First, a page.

Scott Webb (Host): Yeah, so good to understand what we should be on the lookout for what we might be experiencing if we've had a tear. And I mentioned, you know, baseball players, and I'm sure they're not the only ones as you say, you could fall off a ladder and you could tear your rotator cuff, but who's generally most at risk for rotator cuff injuries?

Ryan Vellinga, MD: So, typically, the most common patients with rotator cuff tears are individuals in their fifties to sixties. And these are the slow degenerative types of tears that develop. And that's the most common patient that we see with these. For, what we call the acute traumatic tears, the ones that happened suddenly from a fall or lifting something really heavy and you feel a pop in your shoulder and all of a sudden you can't raise your arm, those traumatic type tears, still more commonly occur in middle-aged individuals. But they can occur in younger patients as well, just given the traumatic nature, if the trauma is severe enough, they can have that happen and another circumstance where you can see these traumatic tears as if someone dislocates their shoulder. Now a younger person when they're in their teens or twenties, if they dislocate their shoulder, typically they tear the labrum in their shoulder. But once we're getting close to the age of 40 and above, anyone who dislocates their shoulder, the most commonly injured thing is actually the rotator cuff, which gets torn.

Scott Webb (Host): Yeah. Interesting you mentioned labrum and both my kids play sports. And so they've been through one's already through high school and a number of friends, boys and girls who play sports, had that exact injury that you're describing. But as you say, as you get older, then it often becomes the rotator cuff.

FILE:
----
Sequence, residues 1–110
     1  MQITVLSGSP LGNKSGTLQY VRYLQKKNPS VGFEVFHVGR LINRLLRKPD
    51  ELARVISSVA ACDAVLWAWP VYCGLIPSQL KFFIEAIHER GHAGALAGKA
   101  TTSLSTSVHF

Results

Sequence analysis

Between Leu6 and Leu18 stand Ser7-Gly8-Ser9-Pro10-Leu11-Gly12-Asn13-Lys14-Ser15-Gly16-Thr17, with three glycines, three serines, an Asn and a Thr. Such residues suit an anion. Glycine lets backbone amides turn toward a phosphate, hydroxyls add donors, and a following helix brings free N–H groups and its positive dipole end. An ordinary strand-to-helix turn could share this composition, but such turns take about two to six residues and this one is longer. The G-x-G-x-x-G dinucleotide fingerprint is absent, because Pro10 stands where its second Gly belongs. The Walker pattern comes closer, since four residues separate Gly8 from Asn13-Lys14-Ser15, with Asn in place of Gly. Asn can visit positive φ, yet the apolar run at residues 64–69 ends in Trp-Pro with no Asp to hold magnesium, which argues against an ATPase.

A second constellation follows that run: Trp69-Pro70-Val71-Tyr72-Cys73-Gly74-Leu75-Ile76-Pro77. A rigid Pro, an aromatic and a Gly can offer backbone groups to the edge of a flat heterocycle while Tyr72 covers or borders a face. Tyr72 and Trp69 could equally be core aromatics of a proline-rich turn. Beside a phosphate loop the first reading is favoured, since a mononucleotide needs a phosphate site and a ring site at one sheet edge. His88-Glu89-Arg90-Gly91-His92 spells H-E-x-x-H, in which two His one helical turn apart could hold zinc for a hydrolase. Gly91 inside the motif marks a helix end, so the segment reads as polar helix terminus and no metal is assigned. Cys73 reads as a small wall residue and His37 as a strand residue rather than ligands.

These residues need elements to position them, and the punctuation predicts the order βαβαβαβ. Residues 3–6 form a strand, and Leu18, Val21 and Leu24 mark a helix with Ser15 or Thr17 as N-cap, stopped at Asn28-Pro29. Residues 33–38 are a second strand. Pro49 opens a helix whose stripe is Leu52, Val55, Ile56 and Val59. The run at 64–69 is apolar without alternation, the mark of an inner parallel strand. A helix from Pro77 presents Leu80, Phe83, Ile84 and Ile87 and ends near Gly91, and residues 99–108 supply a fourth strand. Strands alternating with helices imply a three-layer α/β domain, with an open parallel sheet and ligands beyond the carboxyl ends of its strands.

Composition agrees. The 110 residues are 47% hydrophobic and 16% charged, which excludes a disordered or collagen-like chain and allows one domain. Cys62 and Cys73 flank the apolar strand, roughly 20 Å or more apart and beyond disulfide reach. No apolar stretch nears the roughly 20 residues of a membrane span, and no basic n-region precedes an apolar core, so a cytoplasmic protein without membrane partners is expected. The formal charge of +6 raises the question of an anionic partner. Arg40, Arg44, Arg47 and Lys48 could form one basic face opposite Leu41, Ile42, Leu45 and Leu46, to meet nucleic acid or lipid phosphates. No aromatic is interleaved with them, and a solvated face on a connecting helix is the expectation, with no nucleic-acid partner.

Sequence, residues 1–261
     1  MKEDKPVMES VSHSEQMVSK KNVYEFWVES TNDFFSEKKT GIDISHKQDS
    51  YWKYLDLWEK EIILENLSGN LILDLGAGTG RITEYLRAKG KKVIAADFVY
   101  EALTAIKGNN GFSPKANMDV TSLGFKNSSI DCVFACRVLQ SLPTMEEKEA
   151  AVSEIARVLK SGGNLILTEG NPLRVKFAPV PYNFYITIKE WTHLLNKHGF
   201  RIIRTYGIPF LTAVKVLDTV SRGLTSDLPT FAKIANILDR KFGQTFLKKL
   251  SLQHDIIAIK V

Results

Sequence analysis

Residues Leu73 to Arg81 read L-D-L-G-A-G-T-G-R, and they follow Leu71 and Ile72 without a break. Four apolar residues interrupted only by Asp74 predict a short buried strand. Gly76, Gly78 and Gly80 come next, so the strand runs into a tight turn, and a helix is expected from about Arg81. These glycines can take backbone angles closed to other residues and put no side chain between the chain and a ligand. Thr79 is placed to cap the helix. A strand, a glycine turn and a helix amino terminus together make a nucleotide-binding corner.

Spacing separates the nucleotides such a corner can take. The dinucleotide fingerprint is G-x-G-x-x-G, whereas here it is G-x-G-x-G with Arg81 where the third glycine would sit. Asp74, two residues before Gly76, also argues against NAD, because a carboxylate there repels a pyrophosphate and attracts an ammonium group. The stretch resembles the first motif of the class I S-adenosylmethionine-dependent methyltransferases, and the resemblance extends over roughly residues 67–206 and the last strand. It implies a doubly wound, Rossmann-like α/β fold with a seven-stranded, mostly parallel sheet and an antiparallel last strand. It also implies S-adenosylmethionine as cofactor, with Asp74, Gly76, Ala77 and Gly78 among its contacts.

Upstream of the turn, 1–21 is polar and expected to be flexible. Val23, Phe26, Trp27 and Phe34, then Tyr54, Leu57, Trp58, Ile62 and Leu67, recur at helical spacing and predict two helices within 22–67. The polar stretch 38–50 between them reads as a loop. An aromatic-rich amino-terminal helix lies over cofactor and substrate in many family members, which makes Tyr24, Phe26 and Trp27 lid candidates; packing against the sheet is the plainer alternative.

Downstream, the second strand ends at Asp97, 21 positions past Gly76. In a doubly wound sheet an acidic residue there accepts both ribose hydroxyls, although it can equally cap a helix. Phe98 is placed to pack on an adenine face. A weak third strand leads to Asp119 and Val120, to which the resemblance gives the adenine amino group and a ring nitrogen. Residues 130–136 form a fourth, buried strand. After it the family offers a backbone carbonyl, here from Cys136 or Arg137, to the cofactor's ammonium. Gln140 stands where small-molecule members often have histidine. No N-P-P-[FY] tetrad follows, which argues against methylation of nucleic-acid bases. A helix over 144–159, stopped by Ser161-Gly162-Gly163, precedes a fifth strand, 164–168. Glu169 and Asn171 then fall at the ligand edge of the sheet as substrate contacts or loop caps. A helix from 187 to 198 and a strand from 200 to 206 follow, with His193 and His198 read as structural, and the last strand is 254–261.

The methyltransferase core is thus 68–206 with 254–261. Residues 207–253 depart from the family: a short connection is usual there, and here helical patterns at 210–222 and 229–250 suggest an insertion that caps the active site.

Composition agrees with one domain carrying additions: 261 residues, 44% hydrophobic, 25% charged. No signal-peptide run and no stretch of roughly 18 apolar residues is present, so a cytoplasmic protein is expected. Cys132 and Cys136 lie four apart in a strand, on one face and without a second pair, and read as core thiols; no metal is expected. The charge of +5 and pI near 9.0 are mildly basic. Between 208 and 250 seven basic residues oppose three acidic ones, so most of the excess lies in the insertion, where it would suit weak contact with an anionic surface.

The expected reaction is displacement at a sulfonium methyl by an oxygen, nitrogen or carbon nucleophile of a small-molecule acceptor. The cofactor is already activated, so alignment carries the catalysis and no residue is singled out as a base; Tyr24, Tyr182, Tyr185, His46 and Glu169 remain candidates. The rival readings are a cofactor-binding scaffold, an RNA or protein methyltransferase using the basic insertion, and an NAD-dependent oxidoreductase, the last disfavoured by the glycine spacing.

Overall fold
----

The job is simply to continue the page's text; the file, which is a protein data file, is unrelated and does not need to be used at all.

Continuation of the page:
And it sounds to me, especially as you say when we're not talking about the acute tears or the traumatic tears, where it's a sort of a slow burn, a slow build over time as they, the tear begins to get worse over time. Is this something that people generally can live with? Do you find the patients have lived with some pain, some discomfort for a long period of time before they actually end up in your office?

Ryan Vellinga, MD: Yes. I'd say usually at least a number of months if not several years. It's not uncommon for people to say their shoulder has hurt them off and on for years. And, you know, maybe they saw their primary care physician who gave him an injection or gave him some PT and it kind of got better for a while and then flared up again and got worse.

Yeah typically it's at least a matter of months. It's not something like you had no pain at all in your shoulder and then you didn't do anything, and you woke up with a horrible rotator cuff tear and pain all the time. That's not typically the case.

To listen to the podcast or read the full transcript, visit here.